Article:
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Path to freedom: Ceasefire talks create 'humanitarian corridors'

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A Ukrainian negotiator says a second round of ceasefire talks with Russia has resulted in an understanding on creating humanitarian corridors in the areas of Ukraine where fighting is worst.

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Ukrainian presidential adviser Mykhailo Podolyak said the two sides envisaged a possible temporary ceasefire to allow civilians to leave.

“That is, not everywhere, but only in those places where the humanitarian corridors themselves will be located, it will be possible to cease fire for the duration of the evacuation,” he said.

They had also reached an understanding on the delivery of medicines and food to the places where the fiercest fighting was taking place.

The Russian delegation was led by presidential adviser Vladimir Medinsky while the Ukrainian delegation was headed by Davyd Arakhamia, the head of President Volodymyr Zelenskiy’s ruling party.

While the Russian representatives wore suits, the Ukrainians were clad in olive-green military jumpers.

It was the first time the two sides had agreed any form of progress on any issue since Russia invaded Ukraine a week ago.

But Podolyak said the outcome had fallen short of Ukraine’s hopes.

“To our great regret, we did not get the results we were counting on,” he said, without elaborating.

“The only thing I can say is that we discussed the humanitarian aspect in sufficient detail, because quite a lot of cities are now surrounded. There is a dramatic situation with medicines, food, and evacuation,” Podolyak said.

A third round of ceasefire talks between the two sides is due to take place early next week, Belarusian state news agency Belta quoted Podolyak as saying on Thursday while Russian negotiators said more talks will likely be held shortly.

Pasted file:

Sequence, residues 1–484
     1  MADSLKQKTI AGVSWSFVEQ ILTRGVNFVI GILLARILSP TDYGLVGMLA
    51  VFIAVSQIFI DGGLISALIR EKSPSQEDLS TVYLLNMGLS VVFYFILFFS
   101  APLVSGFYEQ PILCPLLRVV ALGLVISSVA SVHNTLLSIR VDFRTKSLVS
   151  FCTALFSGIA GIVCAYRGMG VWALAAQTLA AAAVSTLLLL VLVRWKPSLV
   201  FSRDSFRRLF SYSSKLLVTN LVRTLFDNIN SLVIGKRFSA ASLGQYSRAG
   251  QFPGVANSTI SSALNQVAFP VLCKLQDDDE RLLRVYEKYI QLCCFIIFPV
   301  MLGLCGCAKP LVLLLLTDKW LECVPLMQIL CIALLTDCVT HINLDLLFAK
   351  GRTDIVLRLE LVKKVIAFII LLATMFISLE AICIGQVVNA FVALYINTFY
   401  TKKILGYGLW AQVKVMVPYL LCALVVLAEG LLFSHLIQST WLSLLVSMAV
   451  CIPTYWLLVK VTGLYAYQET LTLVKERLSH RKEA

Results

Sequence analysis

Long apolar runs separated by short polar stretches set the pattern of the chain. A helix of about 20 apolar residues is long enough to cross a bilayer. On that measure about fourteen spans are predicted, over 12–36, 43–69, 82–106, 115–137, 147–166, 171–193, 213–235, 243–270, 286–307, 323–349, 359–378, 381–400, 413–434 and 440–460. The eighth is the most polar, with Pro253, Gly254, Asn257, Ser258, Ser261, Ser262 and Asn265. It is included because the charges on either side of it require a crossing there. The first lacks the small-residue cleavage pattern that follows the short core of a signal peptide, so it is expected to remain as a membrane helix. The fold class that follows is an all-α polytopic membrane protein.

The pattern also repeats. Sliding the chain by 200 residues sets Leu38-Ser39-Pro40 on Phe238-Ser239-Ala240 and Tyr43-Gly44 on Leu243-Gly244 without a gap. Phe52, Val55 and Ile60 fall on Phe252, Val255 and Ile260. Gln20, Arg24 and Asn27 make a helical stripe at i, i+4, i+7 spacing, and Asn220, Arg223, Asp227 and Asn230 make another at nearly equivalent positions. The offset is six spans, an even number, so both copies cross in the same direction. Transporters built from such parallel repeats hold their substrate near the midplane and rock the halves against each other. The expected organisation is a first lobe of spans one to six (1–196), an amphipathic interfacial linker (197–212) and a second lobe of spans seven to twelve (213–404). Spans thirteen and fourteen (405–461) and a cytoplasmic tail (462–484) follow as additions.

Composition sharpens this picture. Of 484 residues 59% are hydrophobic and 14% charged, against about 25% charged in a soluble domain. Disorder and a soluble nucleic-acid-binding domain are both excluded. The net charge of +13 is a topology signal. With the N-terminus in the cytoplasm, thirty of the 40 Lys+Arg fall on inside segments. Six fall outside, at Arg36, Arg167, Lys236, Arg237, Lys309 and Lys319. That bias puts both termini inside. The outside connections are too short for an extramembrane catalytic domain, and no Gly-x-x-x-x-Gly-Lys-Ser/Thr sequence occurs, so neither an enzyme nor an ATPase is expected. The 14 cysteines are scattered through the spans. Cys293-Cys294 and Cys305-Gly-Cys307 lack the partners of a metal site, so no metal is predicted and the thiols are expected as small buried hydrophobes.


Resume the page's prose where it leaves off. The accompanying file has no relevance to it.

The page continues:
Medinsky, Russian President Vladimir Putin’s adviser who led the Russian delegation in the talks on Thursday in Belarus near the Polish border, said the parties’ “positions are absolutely clear, they are written down point by point,” including issues related to a political settlement of the conflict.

He added without elaboration that “mutual understanding was found on part of them”.

He confirmed that Russia and Ukraine reached a tentative agreement to create safe corridors for civilians to exit besieged cities and observe local ceasefires in areas where they will be created.

Leonid Slutsky, a senior Russian MP who was part of the Russian delegation in talks, said that the details of safe corridors will need to be worked out quickly.

He said that the next round of talks could lead to agreements, some of which would need to be ratified by Russian and Ukrainian parliaments.

In Moscow, Putin, brushing aside worldwide condemnation of the invasion, said the military operation was going according to plan.

Ukrainian soldiers and civilians kept up their resistance to the invading force and the capital Kyiv and other main cities remained in their hands on Thursday evening.

But the humanitarian crisis deepened, with the United Nations saying one million people had now fled their homes.

Those who stayed were enduring shelling and rockets strikes on several cities, often on residential areas.

Swathes of central Kharkiv, Ukraine’s second city with 1.5 million people, have been blasted into rubble.

Zelenskiy said earlier Ukraine and Russia could find a way out of the war if the Kremlin treated Ukraine on an equal footing and came to talks with a will to negotiate in good faith.

“There are things in which some compromises must be found so that people do not die but there are things in which there are no compromises,” Zelenskiy said in a televised interview, saying he was willing to have an open conversation with Putin.

Putin remained outwardly oblivious to the almost universal global condemnation of his actions and to the international economic and financial sanctions aimed at bringing Russia’s economy to its knees.

Russia’s military operations in Ukraine were going according to plan, he said in televised comments, praising its soldiers as heroes.

with reporting from AP and DPA

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